Share This Page

Pa. House approves medical marijuana bill, now goes to Senate for OK

| Wednesday, March 16, 2016, 6:57 p.m.

HARRISBURG — A bill to let Pennsylvania patients who suffer from a list of ailments obtain marijuana for therapeutic purposes easily passed the state House on Wednesday, leaving only approval by the Senate, which overwhelmingly passed a similar bill last year.

The House voted 149-43 for legislation that would set standards for growers, dispensaries and physicians. Patients could take the drug in pill, oil or liquid form, but would not be able to obtain marijuana they could smoke.

Supporters said it would help relieve the suffering of sick people.

“Today we have the opportunity of offering hope to the parents of these children, to the patients, offering the hope of letting them, along with their doctors, decide how to best treat the conditions they're dealing with on a daily basis,” said Rep. Jim Cox, R-Berks.

Opponents argued the Legislature should not be approving a drug that is illegal under federal law.

“We're setting the path to bypass the FDA (Food and Drug Administration) product approval process, whether the drugs are good or bad. We're saying we're willing to circumvent that process, a process that's been in place for over 100 years, because it's what's needed now,” said Majority Whip Bryan Cutler, R-Lancaster.

The bill would allow people to buy marijuana from a dispensary after they have been certified by a medical practitioner to have one of the 17 enumerated conditions. Those conditions include cancer, epilepsy, autism, Parkinson's disease, post-traumatic stress disorder, sickle cell anemia, multiple sclerosis, AIDS, glaucoma and chronic or intractable pain. Under the proposal, the state would license up to 25 growers and processors, and as many as 50 dispensaries, which could each operate three locations.

Rep. Jeff Pyle, R-Armstrong, drew a standing ovation after speaking of his own battle with cancer and the chance that his daughters may inherit the disease.

“I live with cancer every day. I'm told there's a very high likelihood I'll have it again,” Pyle said, adding: “Please let my kids have access to this.”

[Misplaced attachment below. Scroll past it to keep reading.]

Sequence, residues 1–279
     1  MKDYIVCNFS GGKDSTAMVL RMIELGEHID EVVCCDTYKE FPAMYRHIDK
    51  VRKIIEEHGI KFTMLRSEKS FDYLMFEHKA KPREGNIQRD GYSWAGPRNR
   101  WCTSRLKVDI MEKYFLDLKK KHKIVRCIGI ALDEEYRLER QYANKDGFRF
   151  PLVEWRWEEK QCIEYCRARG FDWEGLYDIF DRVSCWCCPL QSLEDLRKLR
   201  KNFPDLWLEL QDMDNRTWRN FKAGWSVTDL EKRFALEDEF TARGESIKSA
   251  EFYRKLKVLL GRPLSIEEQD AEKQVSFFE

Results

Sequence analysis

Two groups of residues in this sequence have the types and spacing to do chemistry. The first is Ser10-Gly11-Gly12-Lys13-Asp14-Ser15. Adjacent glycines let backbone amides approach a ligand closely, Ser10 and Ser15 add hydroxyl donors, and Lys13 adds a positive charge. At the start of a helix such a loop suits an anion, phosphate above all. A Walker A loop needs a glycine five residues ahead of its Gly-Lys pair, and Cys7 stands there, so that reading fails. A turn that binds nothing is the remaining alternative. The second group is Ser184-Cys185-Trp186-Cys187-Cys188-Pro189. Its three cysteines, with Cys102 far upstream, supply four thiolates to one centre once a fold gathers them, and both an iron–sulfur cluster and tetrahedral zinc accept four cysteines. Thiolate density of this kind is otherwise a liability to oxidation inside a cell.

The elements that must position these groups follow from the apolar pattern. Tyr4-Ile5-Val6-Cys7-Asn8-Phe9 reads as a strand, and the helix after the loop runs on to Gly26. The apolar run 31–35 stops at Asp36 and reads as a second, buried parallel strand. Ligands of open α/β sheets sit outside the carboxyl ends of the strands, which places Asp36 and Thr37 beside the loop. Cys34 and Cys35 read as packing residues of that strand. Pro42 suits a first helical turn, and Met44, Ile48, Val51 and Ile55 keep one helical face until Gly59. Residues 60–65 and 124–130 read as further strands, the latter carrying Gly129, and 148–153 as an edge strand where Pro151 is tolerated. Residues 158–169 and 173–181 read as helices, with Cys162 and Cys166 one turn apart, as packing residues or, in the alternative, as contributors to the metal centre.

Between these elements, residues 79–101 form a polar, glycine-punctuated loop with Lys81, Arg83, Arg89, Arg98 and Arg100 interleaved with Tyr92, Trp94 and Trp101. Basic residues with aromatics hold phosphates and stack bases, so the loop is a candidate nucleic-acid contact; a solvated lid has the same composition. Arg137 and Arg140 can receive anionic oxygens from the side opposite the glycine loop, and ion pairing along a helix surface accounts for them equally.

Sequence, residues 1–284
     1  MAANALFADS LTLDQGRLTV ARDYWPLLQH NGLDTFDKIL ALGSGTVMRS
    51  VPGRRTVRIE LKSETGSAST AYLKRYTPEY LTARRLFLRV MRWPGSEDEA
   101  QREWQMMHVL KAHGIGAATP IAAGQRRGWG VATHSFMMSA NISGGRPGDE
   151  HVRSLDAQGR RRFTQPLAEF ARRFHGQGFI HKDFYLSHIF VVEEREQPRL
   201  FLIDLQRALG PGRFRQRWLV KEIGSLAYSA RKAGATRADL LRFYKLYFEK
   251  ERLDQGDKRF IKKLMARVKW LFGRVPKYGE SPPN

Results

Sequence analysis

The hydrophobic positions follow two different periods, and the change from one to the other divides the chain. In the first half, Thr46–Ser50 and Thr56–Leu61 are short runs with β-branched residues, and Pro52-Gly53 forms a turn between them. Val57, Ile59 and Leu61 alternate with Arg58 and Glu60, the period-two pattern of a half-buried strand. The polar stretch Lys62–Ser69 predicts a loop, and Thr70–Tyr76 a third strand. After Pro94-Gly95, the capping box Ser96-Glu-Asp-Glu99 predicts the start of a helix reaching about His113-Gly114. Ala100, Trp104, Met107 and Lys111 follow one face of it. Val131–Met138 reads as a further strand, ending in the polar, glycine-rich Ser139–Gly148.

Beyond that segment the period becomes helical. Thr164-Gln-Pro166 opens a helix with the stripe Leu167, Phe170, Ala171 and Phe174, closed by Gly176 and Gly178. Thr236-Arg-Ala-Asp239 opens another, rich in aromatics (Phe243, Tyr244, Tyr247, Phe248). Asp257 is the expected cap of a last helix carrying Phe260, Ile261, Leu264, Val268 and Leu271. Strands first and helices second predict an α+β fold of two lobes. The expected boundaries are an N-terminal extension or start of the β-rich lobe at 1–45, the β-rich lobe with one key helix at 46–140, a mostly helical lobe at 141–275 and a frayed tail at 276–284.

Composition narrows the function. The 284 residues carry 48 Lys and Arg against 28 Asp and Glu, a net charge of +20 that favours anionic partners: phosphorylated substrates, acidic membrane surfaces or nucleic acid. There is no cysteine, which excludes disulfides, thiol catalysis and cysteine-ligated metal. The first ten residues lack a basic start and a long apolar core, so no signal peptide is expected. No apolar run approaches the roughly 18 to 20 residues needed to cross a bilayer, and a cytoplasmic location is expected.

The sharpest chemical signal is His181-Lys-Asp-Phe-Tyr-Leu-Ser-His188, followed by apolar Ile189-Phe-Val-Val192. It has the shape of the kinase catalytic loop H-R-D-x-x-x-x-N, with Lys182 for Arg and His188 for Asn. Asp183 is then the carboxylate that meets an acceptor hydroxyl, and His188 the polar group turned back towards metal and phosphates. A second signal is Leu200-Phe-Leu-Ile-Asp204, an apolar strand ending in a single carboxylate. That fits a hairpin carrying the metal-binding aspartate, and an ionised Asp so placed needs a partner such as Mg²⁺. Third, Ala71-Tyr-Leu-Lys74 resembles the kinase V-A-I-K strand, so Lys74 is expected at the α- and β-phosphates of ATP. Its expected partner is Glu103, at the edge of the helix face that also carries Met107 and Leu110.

Advocates celebrated in the Capitol after several years of going from door to door seeking support among lawmakers. Many are the parents of children who have lost their ability to function intellectually at their age level because of the severe seizures they suffer daily.

One parent, Dana Ulrich, said she is convinced that legal access to the drug would help her 8-year-old daughter Lorelei, who has numerous seizures every day.

“I absolutely believe that it will help her and so does her doctor,” she said.

Noting that medical groups have come out against the bill, saying it needs more research, Rep. Matt Baker, R-Tioga, called the vote unprecedented.

“I cannot remember when was the last time this august body voted on a bill that was in direct violation of federal law,” Baker said.

Marijuana is widely available on the black market, noted Rep. Marty Flynn, D-Lackawanna.

“All we're doing is allowing the people of the commonwealth of Pennsylvania who need this to access it legally,” Flynn said.

Sen. Mike Folmer, R-Lebanon, a key sponsor, said the Senate would take it up and get it to the governor as soon as possible.

Senate Republican spokeswoman Jennifer Kocher said the House changes were being reviewed.

“We understand the urgency behind continuing the progress,” Kocher said.

Democratic Gov. Tom Wolf, who has urged passage of legalized medical marijuana, released a statement that applauded the House vote and predicted the bill would provide “essential help” to patients.

The National Conference of State Legislatures says 23 states, Guam and Washington, D.C., have enacted comprehensive public medical marijuana and cannabis programs since California was first in 1996.

TribLIVE commenting policy

You are solely responsible for your comments and by using TribLive.com you agree to our Terms of Service.

We moderate comments. Our goal is to provide substantive commentary for a general readership. By screening submissions, we provide a space where readers can share intelligent and informed commentary that enhances the quality of our news and information.

While most comments will be posted if they are on-topic and not abusive, moderating decisions are subjective. We will make them as carefully and consistently as we can. Because of the volume of reader comments, we cannot review individual moderation decisions with readers.

We value thoughtful comments representing a range of views that make their point quickly and politely. We make an effort to protect discussions from repeated comments either by the same reader or different readers

We follow the same standards for taste as the daily newspaper. A few things we won't tolerate: personal attacks, obscenity, vulgarity, profanity (including expletives and letters followed by dashes), commercial promotion, impersonations, incoherence, proselytizing and SHOUTING. Don't include URLs to Web sites.

We do not edit comments. They are either approved or deleted. We reserve the right to edit a comment that is quoted or excerpted in an article. In this case, we may fix spelling and punctuation.

We welcome strong opinions and criticism of our work, but we don't want comments to become bogged down with discussions of our policies and we will moderate accordingly.

We appreciate it when readers and people quoted in articles or blog posts point out errors of fact or emphasis and will investigate all assertions. But these suggestions should be sent via e-mail. To avoid distracting other readers, we won't publish comments that suggest a correction. Instead, corrections will be made in a blog post or in an article.